Since the mass production of plastic from the 1920s to the 1950s, plastic has been a useful commodity for various reasons. However, its biggest drawback is the amount of harm it can cause when thrown away after it has fulfilled its use. Microplastic is often the most harmful because it can get everywhere and can be defined as:
‘Plastic debris can come in all shapes and sizes, but those that are less than five millimeters in length (or about the size of a sesame seed)’
These tiny particles easily pass through water filtration systems, access fish and birds which rely on the ocean and lakes for sources of food. Some speculate that they even find there way inside humans through various avenues of our own consumption. Safe to say that plastic is now everywhere and polluted across most parts of the world.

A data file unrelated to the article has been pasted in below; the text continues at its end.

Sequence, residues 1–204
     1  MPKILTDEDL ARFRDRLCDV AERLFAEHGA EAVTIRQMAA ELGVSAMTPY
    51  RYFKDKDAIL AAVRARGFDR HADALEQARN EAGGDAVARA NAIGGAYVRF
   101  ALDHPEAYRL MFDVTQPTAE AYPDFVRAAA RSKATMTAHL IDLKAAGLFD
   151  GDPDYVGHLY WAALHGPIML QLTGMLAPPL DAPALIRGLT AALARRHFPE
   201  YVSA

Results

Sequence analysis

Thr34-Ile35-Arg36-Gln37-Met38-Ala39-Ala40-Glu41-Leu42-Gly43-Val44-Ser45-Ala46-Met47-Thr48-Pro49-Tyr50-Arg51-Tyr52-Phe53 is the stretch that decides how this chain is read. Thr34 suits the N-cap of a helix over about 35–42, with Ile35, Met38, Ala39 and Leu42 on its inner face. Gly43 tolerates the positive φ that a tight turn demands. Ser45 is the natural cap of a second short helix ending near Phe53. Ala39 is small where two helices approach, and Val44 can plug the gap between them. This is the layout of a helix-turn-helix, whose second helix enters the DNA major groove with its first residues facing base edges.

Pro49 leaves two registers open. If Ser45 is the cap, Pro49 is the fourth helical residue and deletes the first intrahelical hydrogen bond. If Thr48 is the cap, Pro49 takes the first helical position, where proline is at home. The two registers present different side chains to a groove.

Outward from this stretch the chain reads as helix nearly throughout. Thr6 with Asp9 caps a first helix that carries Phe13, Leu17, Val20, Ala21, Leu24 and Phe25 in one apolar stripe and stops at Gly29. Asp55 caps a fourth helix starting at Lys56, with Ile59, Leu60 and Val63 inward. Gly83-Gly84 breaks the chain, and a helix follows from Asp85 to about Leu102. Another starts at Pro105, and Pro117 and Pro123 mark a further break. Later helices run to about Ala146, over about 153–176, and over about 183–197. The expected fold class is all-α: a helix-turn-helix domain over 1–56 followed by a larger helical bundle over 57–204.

Microplastics now pollute our planet extensively, to the point where they have recently been discovered at the summit of Mount Everest. Researchers concluded:
‘evidence of microplastic pollution on Mount Everest. While the highest concentrations of microplastics were around Base Camp where hikers and trekkers spend the most time, the team also found microplastics as high up as 8,440 meters above sea level, just below the summit ‘
This is alarming news as now we have evidence that the extent of our plastic pollution has no end, being found from the depths of the ocean to some of the largest peaks on the planet. What is even more concerning is that plastic pollution is one of the easiest to prevent, simply investing into biodegradable alternatives and not using plastic is the easiest way to prevent further damage. However, the overuse of plastic has already polluted our planet to a point where it will be difficult to cleanse the planet from all aspects of its grasp. Maybe it will become a normalised problem caused by our destructive behaviour, as it is already known that plastic pollution has a negative impact on humans, sea birds and marine life.